Top 5 things you need to know about Currency




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Okay, thank you for attending everybody just a few housekeeping rules before we start. All attendees will be on mute and will remain so for the whole webinar. Please use the question box to ask any questions related to the topic and they’ll be answered after the demo. If you run out of time if you a question does need a longer answer we’ll answer that directly offline afterwards. Use the chatbox for any questions related to the webinar. So for example, if you can’t hear us or if the presenter is going too fast. Please note that a link to view the webinar recording will be sent to everybody after the demo.


This is the 25th in a series of our monthly webinars on key areas of NAV or business Central and you can sign up for as many as you like on our website. I’ll show you the list of upcoming webinars at the end. We do also send out regular emails to register for the next one. Okay, my name is Karen and I’ll be facilitating the demo today. I’m an account manager here at T Vision. I’ve worked here for nearly three years and my background is 20 years in software account management working for ERP companies. Ian’s going to be doing the demo today. He’s a support consultant here at TVision and he’s worked here for nearly four years and has been using NAV since 2000.


So the webinar today is how Business Central handles currencies and exchange rates. So whether you purchase or sell internationally, you will need to know how Business Central can incorporate different exchange rates in order to make your processes as straightforward and automated as possible. The key to this really is down to how often you need to update your exchange rates and how many currencies that you trade in.


So the top five things we’re going to show you about preparing for currencies today are: For local and reporting currencies Business Central has these two currencies available for each company that set up. Then updating currency. So you can either update manually the exchange rate or you can link to a website to automate this process. Then we’ll move on to rounding currency. So auto-inserting a line which will add on the additional amount from rounding. Transferring between bank accounts as this will help to automatically record any exchange rate gains and losses. And then we’ll finally go to consolidation which is how to report at group level in the required reporting currency. Okay, so erm before the demo, I would like to understand how difficult you find reporting on foreign currency balances at month end. I’m going to launch a poll now if you wouldn’t mind submitting your answer that would be great. And then we’ll see what the outcome is and move on to the demo.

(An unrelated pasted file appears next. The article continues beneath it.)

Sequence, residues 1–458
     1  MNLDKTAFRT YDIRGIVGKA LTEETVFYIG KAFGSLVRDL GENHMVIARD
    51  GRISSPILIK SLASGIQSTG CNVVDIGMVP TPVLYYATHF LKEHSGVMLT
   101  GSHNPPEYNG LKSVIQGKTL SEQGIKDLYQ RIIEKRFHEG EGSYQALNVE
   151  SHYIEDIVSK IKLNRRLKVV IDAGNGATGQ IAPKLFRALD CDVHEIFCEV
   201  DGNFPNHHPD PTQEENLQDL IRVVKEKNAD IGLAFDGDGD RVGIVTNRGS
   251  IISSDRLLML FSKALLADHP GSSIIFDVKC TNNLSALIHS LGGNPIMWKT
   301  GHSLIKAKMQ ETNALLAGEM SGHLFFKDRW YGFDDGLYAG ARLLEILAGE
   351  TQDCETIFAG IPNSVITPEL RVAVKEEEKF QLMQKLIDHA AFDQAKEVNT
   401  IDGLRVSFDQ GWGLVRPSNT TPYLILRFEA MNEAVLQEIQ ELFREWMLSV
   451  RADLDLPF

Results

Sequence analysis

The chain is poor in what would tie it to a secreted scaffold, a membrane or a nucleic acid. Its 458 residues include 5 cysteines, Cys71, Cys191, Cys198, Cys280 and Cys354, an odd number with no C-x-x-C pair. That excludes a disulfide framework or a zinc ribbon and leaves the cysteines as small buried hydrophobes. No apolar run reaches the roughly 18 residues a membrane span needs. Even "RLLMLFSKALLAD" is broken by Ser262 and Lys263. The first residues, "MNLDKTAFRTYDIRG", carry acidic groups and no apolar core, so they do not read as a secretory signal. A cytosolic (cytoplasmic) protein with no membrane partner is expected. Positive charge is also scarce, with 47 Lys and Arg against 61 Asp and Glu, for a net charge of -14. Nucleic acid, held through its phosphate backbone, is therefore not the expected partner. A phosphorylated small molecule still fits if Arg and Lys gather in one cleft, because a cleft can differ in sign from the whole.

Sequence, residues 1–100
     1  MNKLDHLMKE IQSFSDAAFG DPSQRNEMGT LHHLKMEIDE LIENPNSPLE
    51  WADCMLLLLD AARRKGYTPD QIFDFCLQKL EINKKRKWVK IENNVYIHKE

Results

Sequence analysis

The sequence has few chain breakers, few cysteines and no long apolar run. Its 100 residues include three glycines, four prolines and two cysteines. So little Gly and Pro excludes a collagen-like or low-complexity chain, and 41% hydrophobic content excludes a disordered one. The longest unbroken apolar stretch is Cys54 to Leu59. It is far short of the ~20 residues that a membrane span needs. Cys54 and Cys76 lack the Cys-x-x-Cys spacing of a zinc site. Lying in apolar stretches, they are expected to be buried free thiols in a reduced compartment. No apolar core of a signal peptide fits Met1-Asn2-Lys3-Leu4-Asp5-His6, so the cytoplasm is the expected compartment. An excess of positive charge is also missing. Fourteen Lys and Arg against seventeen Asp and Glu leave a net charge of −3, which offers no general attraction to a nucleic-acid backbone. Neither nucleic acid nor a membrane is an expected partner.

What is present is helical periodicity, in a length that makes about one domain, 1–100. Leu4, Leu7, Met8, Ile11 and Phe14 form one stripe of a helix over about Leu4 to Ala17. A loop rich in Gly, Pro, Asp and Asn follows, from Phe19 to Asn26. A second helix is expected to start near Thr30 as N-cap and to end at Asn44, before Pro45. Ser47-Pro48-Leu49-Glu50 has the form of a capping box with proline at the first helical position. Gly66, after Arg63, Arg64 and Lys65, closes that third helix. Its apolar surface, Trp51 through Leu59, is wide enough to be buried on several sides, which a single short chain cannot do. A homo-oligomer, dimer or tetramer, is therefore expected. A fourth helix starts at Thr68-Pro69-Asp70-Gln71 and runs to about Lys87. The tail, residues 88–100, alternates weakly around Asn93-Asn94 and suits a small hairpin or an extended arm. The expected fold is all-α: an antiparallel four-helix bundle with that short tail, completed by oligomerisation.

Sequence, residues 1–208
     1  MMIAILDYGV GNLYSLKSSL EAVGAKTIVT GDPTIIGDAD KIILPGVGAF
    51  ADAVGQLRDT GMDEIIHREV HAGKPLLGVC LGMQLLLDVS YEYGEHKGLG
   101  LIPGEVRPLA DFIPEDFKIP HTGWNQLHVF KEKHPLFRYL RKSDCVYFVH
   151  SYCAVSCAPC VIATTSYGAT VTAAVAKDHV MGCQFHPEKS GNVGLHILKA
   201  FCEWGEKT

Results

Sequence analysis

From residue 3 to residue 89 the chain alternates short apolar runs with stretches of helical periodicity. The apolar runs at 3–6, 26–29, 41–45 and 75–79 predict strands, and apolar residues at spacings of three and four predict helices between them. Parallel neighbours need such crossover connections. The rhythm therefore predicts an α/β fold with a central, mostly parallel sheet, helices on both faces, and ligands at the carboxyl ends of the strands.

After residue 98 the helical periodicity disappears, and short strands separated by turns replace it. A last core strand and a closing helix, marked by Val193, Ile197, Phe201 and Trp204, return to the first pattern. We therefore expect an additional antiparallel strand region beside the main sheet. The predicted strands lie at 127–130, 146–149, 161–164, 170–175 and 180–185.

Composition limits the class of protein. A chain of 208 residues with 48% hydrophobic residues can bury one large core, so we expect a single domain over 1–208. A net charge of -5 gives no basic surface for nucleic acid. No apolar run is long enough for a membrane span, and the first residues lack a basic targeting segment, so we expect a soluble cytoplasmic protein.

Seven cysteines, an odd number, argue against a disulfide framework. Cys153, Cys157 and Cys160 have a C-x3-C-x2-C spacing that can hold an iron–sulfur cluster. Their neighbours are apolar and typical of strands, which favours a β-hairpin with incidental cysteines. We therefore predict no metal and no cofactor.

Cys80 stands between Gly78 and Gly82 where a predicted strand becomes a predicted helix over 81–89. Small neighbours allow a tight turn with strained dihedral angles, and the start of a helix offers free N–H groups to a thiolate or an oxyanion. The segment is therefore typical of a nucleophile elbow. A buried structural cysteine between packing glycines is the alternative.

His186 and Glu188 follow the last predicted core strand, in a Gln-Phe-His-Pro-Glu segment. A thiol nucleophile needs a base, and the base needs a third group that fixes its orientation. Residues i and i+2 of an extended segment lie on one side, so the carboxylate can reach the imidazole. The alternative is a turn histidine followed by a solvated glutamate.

Guys, I’m just distributing the poll now. If you wouldn’t mind just putting in your answer that would be brilliant. Okay, just wait a little bit longer. Okay, thank you for doing that. We’ll use that information to help with the demo but also afterwards too. Okay, I’ll hand over to Ian now who will be showing you the demo.


Karen can you pass me control? Thank you. Okay, guys, hopefully you can see my screen there. So for today’s demo I am using the latest version of Business Central. We call it version 16 2020 wave one. But everything I’m going to tell you today is valid back to NAV 2016 and 99% of what I’m going to speak about is valid for NAV all the way back to version 4 and 5. So the first thing talking about currencies.


Let’s just quickly go and have a look at some currencies on this system. So I open my currencies list and here we can see a list of all the currencies that I have set up on this demo company. There’s a lot of currencies here and this company that I’m working with is a UK company. So my local currency that I use for all my reporting is GBP pound sterling and you will notice GBP does not appear on this list of currencies. And that is important. You shouldn’t have your local currency appearing in your list of currencies. So if you’re a Euro company, you shouldn’t have Euros here, but you should have GBP. A GBP company doesn’t have GBP, but it does have Euros. So these are a list of all the currencies that we have. But where do we tell the system that we work in sterling and that is done under general ledger setup.


Now fortunately, this is just something that you need to do once right at the beginning and you never need to change. But here we can see I have set up this company to work in GBP and this is the only place on my system the GBP should ever appear. Whenever I capture a transaction and invoice purchase a journal, whatever it might be if it’s in local currency, I leave the currency blank I don’t put anything in. Karen mentioned that there’s two currencies on the system. You saw a list of more than 20 over here. But here’s the first currency that we’re talking about – your local currency. And if we scroll a little bit down you’ll notice there’s an additional reporting currency here in the reporting section and I’ve set this company up. I’m pretending that I’m owned by an American company. Once a month, I need to send them financial reports, but they want to see things in US Dollars.